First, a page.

To explain disease in a dish, the video summarizes a Science Translation Medicine publication of CIRM-funded research reported by the laboratory of Robert Baloh, M.D., Ph.D., director of Cedars-Sinai’s multidisciplinary ALS Program. In the study, skin cells from patients with an inherited form of ALS were used to create nerve cells in a petri dish that exhibit the same genetic defects found in the neurons of ALS patients. With this disease in a dish, the team identified a possible cause of the disease: the cells overproduce molecules causing a toxic buildup that affects neuron function. The researchers devised a way to block the toxic buildup, which may point to a new therapeutic strategy.

New Stem Cell Discoveries in ALS Make Progress to Finding a Cure

So what’s happened in the field of ALS research in the past year? I’m happy to report that a lot has been accomplished to better understand this disease and to develop potential cures! Here are a few highlights that we felt were worth mentioning:

  • The Ice Bucket Challenge launched by the ALS Association is raising awareness and funds for ALS research.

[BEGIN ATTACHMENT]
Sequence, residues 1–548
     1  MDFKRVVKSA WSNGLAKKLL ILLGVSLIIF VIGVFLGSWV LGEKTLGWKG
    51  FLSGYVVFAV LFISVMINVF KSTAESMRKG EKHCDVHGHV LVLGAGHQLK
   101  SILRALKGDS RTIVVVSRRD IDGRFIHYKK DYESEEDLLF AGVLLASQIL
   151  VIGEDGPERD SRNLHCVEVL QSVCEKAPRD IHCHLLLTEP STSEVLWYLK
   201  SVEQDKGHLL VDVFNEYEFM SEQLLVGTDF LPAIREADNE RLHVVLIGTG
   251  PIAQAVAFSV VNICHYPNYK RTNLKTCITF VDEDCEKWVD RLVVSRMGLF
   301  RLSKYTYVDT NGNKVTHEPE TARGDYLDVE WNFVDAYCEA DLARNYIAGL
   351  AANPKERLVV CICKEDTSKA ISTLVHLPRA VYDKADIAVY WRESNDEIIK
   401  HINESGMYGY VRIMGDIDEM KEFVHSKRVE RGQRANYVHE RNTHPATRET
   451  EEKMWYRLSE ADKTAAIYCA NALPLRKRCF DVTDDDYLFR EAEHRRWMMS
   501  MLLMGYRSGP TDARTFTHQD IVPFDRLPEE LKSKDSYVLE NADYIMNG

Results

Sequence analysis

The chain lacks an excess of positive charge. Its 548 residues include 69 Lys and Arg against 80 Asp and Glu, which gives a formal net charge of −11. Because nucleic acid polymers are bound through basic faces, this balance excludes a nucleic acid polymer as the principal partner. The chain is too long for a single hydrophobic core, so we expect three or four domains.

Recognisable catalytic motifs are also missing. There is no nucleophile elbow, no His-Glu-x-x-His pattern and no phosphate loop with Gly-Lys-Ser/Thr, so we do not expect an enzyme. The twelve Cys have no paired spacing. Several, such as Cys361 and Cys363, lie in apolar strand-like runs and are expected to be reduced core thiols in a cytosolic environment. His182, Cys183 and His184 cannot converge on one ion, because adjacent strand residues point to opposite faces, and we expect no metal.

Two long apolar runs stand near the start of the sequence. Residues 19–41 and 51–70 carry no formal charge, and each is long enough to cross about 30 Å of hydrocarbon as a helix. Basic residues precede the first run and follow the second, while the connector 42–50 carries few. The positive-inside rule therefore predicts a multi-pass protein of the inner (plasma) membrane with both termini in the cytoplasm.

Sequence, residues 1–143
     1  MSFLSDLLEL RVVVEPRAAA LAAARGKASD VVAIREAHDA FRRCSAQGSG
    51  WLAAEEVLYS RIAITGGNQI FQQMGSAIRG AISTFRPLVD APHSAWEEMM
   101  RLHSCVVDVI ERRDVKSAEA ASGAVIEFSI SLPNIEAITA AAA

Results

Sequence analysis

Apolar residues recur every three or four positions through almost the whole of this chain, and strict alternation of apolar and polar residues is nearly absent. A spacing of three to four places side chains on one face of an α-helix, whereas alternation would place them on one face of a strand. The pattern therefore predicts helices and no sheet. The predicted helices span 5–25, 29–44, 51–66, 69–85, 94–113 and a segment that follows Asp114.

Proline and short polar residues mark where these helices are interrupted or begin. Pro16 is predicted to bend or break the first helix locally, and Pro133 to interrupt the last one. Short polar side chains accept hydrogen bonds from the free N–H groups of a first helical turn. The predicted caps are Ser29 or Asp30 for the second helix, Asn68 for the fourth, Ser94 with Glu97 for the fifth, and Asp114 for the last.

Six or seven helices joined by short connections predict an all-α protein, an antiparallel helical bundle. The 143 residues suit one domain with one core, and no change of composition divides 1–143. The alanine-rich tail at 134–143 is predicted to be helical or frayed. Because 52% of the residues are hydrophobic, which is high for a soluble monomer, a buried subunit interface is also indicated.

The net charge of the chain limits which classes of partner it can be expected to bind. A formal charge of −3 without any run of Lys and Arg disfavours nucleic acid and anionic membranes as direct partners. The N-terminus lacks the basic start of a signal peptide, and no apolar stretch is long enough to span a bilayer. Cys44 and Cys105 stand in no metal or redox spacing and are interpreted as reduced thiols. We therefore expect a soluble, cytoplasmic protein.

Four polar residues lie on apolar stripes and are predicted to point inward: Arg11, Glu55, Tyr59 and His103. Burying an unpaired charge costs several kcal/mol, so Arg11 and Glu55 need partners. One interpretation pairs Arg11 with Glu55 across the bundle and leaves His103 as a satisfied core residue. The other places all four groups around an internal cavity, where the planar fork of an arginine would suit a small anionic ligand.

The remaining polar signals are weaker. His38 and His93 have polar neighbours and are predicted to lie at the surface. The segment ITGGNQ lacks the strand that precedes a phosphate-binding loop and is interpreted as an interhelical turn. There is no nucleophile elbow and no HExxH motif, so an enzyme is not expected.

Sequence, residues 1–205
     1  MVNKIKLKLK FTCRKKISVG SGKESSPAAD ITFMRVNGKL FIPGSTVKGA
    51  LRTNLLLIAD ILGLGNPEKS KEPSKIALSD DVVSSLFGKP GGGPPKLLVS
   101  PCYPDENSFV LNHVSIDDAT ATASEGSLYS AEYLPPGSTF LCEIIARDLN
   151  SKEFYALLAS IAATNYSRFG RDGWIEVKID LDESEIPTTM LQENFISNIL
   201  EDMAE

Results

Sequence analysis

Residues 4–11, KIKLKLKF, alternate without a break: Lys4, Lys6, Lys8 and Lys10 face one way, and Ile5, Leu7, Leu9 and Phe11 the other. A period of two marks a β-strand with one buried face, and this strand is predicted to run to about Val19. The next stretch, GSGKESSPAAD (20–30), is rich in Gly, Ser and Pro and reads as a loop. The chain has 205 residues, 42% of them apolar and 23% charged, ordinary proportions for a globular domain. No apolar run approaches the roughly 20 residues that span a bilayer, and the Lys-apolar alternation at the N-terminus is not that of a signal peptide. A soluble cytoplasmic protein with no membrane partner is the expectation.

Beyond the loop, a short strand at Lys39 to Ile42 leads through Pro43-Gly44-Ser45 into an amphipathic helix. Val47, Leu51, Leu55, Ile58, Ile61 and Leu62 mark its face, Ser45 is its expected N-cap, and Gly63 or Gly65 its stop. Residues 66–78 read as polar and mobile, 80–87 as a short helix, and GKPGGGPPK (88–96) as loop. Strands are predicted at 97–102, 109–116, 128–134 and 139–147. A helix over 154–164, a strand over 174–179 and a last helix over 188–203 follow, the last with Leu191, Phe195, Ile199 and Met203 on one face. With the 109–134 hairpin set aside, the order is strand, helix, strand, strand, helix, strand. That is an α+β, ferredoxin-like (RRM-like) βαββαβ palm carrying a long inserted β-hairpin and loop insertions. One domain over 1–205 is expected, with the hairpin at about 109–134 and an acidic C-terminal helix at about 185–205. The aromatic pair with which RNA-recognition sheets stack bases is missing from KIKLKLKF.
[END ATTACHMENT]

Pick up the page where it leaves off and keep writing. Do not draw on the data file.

The Ice Bucket Challenge launched by the ALS Association is raising awareness and funds for ALS research.

    Ice Bucket Challenge. The ALS Association launched the “world’s largest global social media phenomenon” by encouraging brave individuals to dump ice-cold water on their heads to raise awareness and funds for research into treatments and cures for ALS. This August, the ALS Association re-launched the Ice Bucket Challenge campaign in efforts to raise additional funds and to make this an annual event.

  • ALS Gene Mapping. In a story released yesterday, the global biotech company Biogen is partnering with Columbia University Medical Center to map ALS disease genes. An article from Bloomberg Business describes how using Ice Bucket Money to create “a genetic map of the disease may help reveal the secrets of a disorder that’s not well understood, including how much a person’s genes contribute to the likelihood of developing ALS.” Biogen is also launching a clinical trial for a new ALS drug candidate by the end of the year.